The first of April, 2011. That is when it began.
I have always been taught and perceived that miracles were more of an instantaneous happening. An event that defied the laws of the secular world, of science, of common sense… and relatively instantaneous in nature. The first of April, 2011 and subsequent events changed all of my thinking on the subject and the nature of miracles.
My wife of nearly 43 years, Linda, spent Christmastime of 2010 in a hospital bed, waiting for a diagnosis of severe intestinal pain. We were confident that this was not serious. Mainly because she had already beaten breast cancer, put her non-Hodgkin’s lymphoma into total remission, survived and overcame endometrial cancer, as well as colon cancer. Intestinal cramps were, in our estimation, minor league matters. And so, we were relieved to hear and ready to accept the analysis of the head of hospital surgery: “X-rays show nothing serious; it looks most probably like a food blockage; you can be discharged in the next few days. The pain pills we’ve prescribed should help you through this.”
A miracle? After so many death threatening diagnoses in the past, we were feeling finally blessed by what we deemed a small miracle. But we were greatly mistaken. After subsequent re-admittance and 59 long days in two different hospitals and several surgeries, Linda was taken from me by God.
While Linda and I had not attended church in over 30 years, after a fall from our lifelong Catholicism, we asked the hospital for a chaplain to help Linda, me, and my family through those final hours. Our assigned chaplain then, and now forever friend, was a Presbyterian Pastor named Laura. Thus, on the first of April, 2011, the miracle began.
I spoke to Laura after my kids and I watched Linda take her last breath and leave us physically. Afterward, I thanked Pastor Laura and admitted I knew nothing of the Presbyterian faith, though realized through her, that it must be a kind, compassionate branch of Christianity. All I knew of the Faith was a Pastor in the upstate village where Linda and I had a summer camp. There, we occasionally encountered but did not really “know” the young Pastor, Kirianne. But even with these occasional encounters from afar, my late wife often remarked that she had never seen a more joyous, happy, smiling individual. Laura knew Kiri, and urged me to tell her that. “Write a letter, if you don’t feel ready to speak to her in person,” she counseled. “She would love to hear that, I’m sure.”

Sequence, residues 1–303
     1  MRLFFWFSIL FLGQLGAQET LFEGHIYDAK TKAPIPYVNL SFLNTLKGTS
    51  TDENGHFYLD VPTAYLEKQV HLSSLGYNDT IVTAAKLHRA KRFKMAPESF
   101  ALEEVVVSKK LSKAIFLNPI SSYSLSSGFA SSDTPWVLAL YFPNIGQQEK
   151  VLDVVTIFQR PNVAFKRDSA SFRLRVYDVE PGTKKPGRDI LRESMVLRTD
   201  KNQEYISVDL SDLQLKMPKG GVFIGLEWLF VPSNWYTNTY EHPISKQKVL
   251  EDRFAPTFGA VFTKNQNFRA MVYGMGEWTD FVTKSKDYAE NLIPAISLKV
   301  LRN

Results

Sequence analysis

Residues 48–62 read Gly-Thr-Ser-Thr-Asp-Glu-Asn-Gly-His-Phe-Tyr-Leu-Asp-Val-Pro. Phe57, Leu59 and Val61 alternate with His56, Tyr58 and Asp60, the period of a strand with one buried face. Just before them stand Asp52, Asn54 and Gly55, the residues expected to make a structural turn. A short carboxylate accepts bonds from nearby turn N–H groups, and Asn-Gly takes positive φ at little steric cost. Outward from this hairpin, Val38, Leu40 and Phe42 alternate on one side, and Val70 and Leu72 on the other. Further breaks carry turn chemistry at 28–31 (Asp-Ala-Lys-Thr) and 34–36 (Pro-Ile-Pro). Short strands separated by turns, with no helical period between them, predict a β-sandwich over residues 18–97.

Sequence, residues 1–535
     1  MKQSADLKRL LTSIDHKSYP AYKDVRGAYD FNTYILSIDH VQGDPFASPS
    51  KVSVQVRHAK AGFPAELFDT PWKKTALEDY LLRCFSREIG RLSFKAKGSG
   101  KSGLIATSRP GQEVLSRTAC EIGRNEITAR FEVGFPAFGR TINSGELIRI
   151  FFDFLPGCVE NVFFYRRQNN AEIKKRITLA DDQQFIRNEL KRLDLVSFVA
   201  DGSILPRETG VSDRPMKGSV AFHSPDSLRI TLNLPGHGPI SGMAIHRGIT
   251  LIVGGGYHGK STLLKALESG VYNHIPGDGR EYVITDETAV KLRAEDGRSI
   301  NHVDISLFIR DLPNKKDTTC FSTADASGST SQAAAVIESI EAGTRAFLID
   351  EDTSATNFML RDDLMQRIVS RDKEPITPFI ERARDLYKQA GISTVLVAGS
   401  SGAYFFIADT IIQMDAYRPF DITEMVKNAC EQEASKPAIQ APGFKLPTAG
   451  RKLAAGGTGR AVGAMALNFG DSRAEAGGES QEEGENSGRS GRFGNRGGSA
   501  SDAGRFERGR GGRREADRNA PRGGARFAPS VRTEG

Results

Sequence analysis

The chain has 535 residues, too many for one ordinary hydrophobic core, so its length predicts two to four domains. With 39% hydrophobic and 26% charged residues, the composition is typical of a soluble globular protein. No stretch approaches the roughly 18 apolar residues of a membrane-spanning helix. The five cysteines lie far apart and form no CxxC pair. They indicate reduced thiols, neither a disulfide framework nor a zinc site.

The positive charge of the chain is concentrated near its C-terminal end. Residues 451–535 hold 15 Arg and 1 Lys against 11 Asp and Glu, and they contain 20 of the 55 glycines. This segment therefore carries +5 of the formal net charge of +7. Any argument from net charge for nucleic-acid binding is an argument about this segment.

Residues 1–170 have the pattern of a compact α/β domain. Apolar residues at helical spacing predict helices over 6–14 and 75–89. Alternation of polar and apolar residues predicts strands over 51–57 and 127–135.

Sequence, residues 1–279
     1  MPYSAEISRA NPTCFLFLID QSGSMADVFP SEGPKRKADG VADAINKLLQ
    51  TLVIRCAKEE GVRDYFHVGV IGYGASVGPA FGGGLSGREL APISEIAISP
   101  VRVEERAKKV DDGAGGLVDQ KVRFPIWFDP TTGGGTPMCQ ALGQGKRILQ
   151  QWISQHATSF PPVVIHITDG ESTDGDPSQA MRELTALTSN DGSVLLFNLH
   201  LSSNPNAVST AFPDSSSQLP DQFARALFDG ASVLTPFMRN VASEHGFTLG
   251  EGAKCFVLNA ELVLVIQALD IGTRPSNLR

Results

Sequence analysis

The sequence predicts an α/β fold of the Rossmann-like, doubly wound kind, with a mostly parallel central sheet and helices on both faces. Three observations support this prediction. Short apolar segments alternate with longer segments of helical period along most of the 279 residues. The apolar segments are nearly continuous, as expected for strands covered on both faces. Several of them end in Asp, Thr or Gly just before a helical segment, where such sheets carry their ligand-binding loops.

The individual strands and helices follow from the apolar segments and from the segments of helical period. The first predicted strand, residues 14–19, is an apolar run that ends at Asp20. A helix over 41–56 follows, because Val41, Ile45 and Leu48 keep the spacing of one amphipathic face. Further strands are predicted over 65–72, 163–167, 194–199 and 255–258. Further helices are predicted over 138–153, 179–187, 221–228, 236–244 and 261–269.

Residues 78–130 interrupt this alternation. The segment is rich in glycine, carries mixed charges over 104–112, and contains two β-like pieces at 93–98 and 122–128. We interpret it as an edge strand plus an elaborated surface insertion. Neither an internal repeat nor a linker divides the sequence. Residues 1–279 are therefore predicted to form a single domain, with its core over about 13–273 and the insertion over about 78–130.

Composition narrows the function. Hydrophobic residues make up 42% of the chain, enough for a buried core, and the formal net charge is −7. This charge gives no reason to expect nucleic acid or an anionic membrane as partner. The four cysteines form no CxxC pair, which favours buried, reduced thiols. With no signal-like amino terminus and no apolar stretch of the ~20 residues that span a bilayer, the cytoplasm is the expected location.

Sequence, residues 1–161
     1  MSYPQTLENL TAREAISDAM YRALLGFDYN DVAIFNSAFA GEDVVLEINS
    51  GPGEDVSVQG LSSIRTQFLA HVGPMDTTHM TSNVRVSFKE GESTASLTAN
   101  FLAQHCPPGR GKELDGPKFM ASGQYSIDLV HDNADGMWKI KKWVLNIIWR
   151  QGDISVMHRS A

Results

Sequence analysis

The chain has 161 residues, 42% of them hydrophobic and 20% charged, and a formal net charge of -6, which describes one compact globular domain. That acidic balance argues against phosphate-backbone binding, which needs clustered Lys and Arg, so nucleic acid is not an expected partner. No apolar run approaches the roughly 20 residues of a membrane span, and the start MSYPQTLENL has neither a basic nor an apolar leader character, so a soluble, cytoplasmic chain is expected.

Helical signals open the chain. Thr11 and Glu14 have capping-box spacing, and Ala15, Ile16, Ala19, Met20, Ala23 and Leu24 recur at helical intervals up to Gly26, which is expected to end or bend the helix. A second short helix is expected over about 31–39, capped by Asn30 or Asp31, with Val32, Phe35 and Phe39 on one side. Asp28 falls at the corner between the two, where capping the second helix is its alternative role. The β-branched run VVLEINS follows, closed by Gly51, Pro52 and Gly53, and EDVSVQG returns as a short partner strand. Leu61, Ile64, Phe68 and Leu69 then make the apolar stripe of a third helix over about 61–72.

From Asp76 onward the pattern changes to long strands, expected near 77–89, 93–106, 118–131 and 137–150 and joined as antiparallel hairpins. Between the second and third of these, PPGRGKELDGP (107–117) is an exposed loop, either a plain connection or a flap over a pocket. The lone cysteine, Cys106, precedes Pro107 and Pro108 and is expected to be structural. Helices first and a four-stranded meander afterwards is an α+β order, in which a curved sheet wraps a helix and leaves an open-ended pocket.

I did write Pastor Kiri, and included a donation in Linda’s name, along with the background. Several weeks later, being more brave and clever than I really was, I ”snuck in” late for Sunday services, slouching in the farthest row back, absorbing the warmth emanating from not only the Pastor, but from each smiling face that noticed the stranger in their midst. Holding back sobs, but unable to fully hold back tears, sticking out like the proverbial sore thumb.
I snuck in all right, but it was a bit more difficult to sneak out. After “mass” (I still slip up and use my old faith’s nomenclature) a line of congregants filed by Kiri at the exit, exchanging warm hugs, inspired faces, and wide enough smiles to get them through the week… or perhaps much longer. As one of the last ones to leave the church, trying to just brush by with a smile, I heard a cheerful “Hi! You’re new, here, aren’t you? Is your name Frank?” I admitted my identity, and Kiri gave me a hug which I will never forget. She added, as I recall, the obligatory, (but non-perfunctory) condolences and asked about how I was dealing with my grief, in the most sincere and caring manner. I forgot how I replied, but she then asked me if I would like to join a small group of congregational members who were going to spend the afternoon in Schoharie, to help clean up the church properties victimized by Hurricane Irene. “Perhaps you can make a new friend or two, and the work will help you keep your mind off of your grief for an hour or two,” she smiled. “Bring a shovel or any other tools you think might help and meet us here at noon or at the Schoharie Presbyterian Church at 1 o’clock if you wish. See you then!”